At least two times a year we invite an external company to challenge our students. The company will bring a real business case and give the students 24 hours to come up with the most creative but feasible solution. This time we invited L&D Support, an Amsterdam based business specialized in talent insights. They asked all our students, from the first till the last year, how they should internationalize. We are now 2 months further, time to get in touch with them and evaluate the process and results…
Have you ever experienced an event like the 24H challenge before?
Well yes, except that I was actually in your role as a student. We had to solve a real case and were surrounded by very competitive students. It was challenging and interesting and really relied on team effort. When I appealed for a job as a consultant we also had a bit of a similar experience. It wasn’t a challenge it the same sense, but they did want to test me and my abilities. But not in the pressure setting as the 24-hour challenge; That was something I really liked this time. I also liked the idea of having four different teams work together to solve the challenge, each them delivering a different idea and approach to solve our case.
What did you expect beforehand?
I have to admit it was quite difficult to know exactly what to expect, but I did anticipate on a lot of out of the box thinking. I know our company L&D Support and I know what kind of challenges we have. I didn’t exactly know any of you, besides the fact that I know a little bit about the goals of team academy’s entrepreneurial perspective and what kind of students they appeal too. I’m also at least 15 years older, so I was interested to see how you would interpret the challenge, how you viewed things.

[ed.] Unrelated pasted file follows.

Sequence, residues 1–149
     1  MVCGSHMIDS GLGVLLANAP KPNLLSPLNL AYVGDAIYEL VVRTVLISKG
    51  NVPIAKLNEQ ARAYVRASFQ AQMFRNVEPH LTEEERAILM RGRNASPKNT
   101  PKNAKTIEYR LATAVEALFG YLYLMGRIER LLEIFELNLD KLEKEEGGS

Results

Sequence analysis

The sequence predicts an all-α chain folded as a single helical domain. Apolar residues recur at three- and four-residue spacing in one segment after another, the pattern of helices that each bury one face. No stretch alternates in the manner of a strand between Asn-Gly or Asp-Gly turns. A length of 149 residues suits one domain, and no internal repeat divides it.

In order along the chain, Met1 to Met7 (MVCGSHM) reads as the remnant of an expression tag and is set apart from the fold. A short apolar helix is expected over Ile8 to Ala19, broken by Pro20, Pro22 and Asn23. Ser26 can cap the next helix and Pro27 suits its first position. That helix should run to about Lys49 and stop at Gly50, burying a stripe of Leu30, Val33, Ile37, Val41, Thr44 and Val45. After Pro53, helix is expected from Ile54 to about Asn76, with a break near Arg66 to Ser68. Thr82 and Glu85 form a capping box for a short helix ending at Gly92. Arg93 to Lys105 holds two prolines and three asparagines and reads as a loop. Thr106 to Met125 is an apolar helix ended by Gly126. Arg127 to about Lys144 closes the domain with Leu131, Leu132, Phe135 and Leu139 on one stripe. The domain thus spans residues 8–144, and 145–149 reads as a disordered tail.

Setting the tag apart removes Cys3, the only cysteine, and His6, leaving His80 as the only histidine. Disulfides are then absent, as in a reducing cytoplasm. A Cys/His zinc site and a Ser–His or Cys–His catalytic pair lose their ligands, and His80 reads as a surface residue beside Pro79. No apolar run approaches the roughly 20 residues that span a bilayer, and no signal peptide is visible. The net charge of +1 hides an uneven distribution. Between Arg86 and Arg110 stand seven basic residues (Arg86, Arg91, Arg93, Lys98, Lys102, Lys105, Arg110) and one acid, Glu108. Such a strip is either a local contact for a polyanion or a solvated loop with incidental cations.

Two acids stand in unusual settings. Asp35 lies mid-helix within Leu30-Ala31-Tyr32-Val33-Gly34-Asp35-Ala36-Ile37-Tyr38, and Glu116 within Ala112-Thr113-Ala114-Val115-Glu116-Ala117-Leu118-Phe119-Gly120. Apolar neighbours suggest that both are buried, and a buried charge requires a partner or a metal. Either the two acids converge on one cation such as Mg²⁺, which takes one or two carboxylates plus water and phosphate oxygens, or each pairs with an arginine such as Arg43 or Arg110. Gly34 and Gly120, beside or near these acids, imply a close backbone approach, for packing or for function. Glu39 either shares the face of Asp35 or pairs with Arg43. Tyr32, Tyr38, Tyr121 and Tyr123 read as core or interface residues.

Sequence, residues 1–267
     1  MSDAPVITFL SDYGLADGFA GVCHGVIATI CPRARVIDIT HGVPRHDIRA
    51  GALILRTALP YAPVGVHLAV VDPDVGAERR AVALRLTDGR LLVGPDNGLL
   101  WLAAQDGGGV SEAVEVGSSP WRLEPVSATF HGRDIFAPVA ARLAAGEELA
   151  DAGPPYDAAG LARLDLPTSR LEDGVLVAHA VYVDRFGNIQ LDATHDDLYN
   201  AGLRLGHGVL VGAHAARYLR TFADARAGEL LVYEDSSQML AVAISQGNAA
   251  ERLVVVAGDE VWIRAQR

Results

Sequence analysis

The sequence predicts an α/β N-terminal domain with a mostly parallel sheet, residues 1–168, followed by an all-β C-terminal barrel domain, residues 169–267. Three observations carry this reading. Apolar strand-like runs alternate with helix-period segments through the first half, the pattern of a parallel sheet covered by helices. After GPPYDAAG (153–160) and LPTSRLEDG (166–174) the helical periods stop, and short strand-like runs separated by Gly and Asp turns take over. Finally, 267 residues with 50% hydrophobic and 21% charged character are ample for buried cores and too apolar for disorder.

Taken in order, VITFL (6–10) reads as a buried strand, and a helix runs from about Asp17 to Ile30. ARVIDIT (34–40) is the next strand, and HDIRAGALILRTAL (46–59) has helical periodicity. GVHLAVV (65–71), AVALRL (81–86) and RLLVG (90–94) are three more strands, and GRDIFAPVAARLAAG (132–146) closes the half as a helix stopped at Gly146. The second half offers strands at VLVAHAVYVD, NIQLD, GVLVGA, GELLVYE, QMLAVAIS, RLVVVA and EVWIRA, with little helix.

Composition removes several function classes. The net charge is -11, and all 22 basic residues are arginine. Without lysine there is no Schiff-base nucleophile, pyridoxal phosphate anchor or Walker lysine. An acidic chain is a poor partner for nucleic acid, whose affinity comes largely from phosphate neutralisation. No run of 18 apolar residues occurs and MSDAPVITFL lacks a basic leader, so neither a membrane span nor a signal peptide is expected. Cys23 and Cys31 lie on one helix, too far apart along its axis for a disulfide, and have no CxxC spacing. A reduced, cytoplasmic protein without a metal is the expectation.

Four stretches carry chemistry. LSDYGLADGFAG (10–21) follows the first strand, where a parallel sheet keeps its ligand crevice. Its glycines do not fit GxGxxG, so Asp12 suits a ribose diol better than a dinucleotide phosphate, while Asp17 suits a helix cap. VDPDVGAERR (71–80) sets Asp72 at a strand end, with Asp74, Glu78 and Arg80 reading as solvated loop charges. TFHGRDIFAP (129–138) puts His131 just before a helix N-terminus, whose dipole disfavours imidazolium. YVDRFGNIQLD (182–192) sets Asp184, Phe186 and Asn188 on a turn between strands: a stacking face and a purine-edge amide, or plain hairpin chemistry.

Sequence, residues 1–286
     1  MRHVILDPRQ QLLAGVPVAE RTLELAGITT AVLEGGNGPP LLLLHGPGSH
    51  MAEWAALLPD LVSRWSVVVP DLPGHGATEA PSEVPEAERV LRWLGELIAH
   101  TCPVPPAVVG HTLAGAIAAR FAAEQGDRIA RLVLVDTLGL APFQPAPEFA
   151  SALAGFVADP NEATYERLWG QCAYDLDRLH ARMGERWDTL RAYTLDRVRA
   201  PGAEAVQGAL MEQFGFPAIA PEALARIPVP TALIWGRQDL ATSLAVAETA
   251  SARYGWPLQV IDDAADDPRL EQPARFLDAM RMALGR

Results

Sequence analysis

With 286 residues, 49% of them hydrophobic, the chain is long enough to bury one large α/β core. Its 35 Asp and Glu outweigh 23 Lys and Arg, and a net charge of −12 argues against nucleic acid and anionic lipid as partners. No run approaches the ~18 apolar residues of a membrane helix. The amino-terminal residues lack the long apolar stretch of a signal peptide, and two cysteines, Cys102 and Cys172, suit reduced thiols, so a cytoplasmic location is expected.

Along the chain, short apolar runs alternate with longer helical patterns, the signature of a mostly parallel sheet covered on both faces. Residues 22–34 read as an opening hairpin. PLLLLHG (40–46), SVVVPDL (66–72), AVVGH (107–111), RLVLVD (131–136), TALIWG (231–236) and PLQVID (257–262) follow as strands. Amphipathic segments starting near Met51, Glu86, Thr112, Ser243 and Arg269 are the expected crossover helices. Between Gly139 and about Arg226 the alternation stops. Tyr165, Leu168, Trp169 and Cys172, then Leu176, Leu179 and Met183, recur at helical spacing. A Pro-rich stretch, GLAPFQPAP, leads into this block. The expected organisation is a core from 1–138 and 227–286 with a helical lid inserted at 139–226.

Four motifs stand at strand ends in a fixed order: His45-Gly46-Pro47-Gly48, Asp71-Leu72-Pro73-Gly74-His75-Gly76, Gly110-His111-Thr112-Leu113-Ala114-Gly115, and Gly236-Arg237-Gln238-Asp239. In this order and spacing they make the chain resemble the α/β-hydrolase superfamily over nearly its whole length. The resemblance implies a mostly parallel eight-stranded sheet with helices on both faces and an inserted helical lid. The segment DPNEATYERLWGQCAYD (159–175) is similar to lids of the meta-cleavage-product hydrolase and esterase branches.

Have your expectations been met?
Yes, they were. We deliberately made the challenge a bit vague as we could have made it far more into detail. We did this because we wanted to ensure you had enough room for your own creativity. We wanted to pull your brains out a little, and we were very pleased with the results. On the other hand, it took time for us to really absorb the 24h challenge. It’s a lot of ideas and information to take in in a short amount of time. I needed a week to really digest everything, to pick out the ideas and connections that were presented for our company, which we can really use to our benefit. We hoped that as a compact and practical company facing certain challenges, we would be getting something real out of this challenge. The 24h challenge was great but our goal was not to give the winner a nice feeling, but to really get something practical out of it, pursue your ideas and work together in the coming months.
Do you have any feedback for us?
For Team Academy as an organization, I would suggest that they offer a bit more guidance on how things are going to look. The wave of information we received in the short period of time during the presentations was a lot to handle all at once. Maybe like getting a bit of a feedback schedule from the students, whether it’s giving us a heads up on the subject of their presentation or just being able to give us a better idea of what to expect. I believe that could help us better to digest that wave of information. And perhaps give us just a bit more time in between the presentations to talk more amongst each other as judges.
For the students, my feedback would be listening even better to the underline challenge. The team that won had really listened to what we gave them, even tho it was purposely vague and rather broad, the underlining challenge was in between the guidelines of our presentation. They had the room to develop their own creativity like everyone else, but because they had really paid attention to the guidelines, their creativity was most relevant. This is something we would call “toegepaste creativiteit” in Dutch, applied creativity. It stands out from the rest of the crowd and can really make the difference on how your presentation is being interpreted.
Thanks, George van Ederen from L&D Support for this challenge, and good luck with the internationalization of the company.